5. Ensure written communication uses proper sentences with correct grammar and punctuation.

Accessibility Resources 

  • New! Ally software (link) is an accessibility tool for courses that provides faculty with user-friendly feedback on the accessibility of their content. Ally is now available to all campuses at no cost through June 30th of this year; your campus Chief Information Officer has been sent the Participating Institution Agreement (PIA) to setup Ally.
  • SUNY’s Electronic & Information Technology (EIT) Accessibility guidance and free, unlimited user access to self-paced online accessibility training through Deque University may accessed by logging into SUNY Blue. Visit blue.suny.edu (link) and enter your campus credentials. Navigate to Enterprise Projects > SUNY EIT Accessibility. If your campus does not have a Deque University administrator, contact your campus EIT Accessibility Officer.
  • Check out 20 Tips for Teaching an Accessible Online Course (PDF) (link).
  • For individuals who have a chronic illness, please feel free to share this resource to speak with others who understand this time of heightened stress: Beyond My Battle Support Group (link).
Tips for Classroom Accessibility 

here are numerous free or campus-sponsored tools to enhance the inclusiveness of the course. Here are some basic universal design tips:

  • If you post a PDF, make sure it is searchable text and not just an image;
  • If you post a PowerPoint (link) presentation, use larger size fonts and high-contrast color schemes.  Avoid the use of color or animation to convey information;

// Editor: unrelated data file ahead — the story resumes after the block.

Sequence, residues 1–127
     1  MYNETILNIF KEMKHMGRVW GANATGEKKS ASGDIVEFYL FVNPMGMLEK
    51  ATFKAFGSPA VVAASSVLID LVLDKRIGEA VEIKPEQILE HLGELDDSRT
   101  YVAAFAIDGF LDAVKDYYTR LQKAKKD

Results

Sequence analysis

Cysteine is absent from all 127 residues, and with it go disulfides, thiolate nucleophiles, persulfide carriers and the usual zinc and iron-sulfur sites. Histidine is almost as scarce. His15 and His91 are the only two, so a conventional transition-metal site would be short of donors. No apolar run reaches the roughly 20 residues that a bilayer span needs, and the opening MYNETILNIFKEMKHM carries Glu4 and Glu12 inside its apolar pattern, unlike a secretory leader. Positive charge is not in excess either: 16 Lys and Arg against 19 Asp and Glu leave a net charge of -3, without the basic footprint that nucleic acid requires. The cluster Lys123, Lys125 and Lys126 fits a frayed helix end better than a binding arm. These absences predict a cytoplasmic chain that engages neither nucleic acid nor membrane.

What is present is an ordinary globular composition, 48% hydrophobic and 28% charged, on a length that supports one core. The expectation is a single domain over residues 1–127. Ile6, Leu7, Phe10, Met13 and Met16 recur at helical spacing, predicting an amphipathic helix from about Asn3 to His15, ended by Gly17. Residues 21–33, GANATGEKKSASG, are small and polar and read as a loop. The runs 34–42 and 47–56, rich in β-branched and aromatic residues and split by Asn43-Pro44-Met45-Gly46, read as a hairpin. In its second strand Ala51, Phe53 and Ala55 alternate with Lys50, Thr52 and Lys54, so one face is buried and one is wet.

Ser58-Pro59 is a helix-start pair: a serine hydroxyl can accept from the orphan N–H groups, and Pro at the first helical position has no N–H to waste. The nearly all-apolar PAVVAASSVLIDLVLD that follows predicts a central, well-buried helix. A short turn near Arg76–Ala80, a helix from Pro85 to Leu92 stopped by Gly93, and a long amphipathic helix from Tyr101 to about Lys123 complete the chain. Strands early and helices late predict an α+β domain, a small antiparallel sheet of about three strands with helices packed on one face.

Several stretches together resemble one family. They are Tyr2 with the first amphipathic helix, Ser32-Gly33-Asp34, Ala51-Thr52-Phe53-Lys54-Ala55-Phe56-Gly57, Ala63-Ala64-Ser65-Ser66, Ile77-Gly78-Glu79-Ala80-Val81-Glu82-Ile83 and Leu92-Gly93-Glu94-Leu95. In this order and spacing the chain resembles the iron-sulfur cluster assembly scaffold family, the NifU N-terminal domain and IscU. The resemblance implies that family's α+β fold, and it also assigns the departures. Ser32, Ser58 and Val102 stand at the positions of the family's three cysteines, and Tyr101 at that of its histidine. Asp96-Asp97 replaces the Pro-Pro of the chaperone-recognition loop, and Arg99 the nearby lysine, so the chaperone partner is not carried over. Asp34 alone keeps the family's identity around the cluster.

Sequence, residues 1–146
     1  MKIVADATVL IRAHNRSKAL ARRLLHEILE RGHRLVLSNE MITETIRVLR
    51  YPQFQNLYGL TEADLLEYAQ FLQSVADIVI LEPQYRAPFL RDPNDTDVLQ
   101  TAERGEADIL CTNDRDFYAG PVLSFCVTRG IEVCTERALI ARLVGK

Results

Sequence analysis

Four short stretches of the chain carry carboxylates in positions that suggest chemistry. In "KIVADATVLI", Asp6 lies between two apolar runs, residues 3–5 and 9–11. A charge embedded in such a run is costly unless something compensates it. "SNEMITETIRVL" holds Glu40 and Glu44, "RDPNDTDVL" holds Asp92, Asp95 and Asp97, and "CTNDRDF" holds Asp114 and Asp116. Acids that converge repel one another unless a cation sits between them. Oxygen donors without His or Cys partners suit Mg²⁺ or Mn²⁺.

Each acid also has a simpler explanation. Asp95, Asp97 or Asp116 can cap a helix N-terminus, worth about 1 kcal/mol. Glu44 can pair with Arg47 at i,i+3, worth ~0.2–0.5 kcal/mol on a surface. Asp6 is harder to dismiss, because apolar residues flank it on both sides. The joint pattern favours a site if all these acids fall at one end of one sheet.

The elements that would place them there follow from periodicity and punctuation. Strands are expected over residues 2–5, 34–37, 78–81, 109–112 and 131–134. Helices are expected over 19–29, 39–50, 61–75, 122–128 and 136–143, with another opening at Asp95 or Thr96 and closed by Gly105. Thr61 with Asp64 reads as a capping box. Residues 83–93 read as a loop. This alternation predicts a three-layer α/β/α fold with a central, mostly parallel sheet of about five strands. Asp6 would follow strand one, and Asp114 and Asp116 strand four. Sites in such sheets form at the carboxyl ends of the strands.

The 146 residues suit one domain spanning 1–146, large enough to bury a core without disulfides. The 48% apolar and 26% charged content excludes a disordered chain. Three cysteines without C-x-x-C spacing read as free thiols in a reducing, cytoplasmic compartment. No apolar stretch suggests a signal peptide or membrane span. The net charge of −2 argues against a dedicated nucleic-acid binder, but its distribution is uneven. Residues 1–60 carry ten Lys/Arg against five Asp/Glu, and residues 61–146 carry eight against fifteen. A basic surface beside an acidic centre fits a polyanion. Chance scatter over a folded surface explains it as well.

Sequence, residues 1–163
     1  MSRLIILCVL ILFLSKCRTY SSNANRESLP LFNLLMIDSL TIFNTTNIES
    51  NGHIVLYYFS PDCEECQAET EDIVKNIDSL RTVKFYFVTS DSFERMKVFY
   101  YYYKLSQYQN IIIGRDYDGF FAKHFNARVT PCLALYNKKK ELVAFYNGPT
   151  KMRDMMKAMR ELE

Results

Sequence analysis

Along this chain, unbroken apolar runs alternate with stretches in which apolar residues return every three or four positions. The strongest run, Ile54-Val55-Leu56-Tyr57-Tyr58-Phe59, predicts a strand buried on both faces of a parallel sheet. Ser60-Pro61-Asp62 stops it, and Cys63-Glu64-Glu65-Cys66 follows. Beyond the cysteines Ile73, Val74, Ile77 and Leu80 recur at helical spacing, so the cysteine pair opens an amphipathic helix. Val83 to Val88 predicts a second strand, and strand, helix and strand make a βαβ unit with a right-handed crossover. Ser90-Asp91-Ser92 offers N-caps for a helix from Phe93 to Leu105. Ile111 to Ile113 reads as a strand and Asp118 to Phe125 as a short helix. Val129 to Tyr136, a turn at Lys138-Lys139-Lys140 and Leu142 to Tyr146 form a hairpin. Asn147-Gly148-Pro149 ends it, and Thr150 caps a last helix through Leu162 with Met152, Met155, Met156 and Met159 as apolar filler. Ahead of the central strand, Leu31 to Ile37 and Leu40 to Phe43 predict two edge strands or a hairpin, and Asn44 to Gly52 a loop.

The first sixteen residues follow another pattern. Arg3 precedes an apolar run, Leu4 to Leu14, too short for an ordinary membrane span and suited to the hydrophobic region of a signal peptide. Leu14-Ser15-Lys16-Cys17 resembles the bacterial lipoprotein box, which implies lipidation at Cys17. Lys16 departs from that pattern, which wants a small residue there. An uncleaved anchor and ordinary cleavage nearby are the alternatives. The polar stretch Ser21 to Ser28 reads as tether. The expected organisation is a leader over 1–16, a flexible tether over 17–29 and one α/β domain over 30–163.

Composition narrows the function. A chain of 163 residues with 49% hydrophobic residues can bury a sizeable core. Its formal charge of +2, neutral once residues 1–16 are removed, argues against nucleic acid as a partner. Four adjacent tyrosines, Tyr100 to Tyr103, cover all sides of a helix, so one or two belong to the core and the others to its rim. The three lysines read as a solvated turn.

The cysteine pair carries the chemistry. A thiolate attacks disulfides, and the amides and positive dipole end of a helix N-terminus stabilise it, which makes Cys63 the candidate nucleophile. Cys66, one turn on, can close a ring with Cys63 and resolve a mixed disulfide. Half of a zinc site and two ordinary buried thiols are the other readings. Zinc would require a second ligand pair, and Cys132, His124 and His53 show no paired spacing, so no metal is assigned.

• If you post a video, check and see if it has intelligible captions. At minimum, use automatic caption features (e.g., YouTube (link)) and improve accuracy as needed;
  • If you post audio, also share a written transcript. The Google Docs Voice Typing feature (link) creates a transcript for you;
  • If you post photographs, graphs or other media, add alternative text (link) to describe the image and its context;
  • If you are a campus that uses accessibility tools in your LMS, leverage them; and
  • If you use a new technology for engagement/discussion, check with your campus disability services office to be sure all your students can use it.

Articles for Students

  1. 5 Tips to Succeed in an Online Course
  2. 6 Habits of Highly Effective Online Students
  3. Getting the Most Out of Your eLearning Course: 10 Study Tips for Online Learners

Tips to Manage the Transition

We know that this is a stressful time and that there is a lot of active problem solving happening at the moment. Here are some resources to use for handling stress. As always, we would like to remind our employees that our Health Resources page incorporates information from the CDC and Onondaga County Board of Health.

  • If you find yourself getting anxious, try limiting the amount of time you spend consuming media coverage.
  • Practice good self-care techniques, including a balanced diet and exercise. There are many home workouts available on YouTube.
  • Social distancing means that you should be physically separated, not emotionally separated. Try contacting friends and family as they are going through a similar experience. 
  • If you live alone or are feeling isolated, you may also follow this link to an online chat to limit those feelings: https://www.healthline.com/health-news/quarantine-chat-app-may-help-relieve-loneliness-during-covid-19-outbreak
  • If you're looking for additional stress relief, many artists, performers, museums, and more are putting their work online for people to view. Here is a compilation of virtual tours (including places like The Louvre, NASA, and even some zoos): https://www.goodhousekeeping.com/life/travel/a31784720/best-virtual-tours/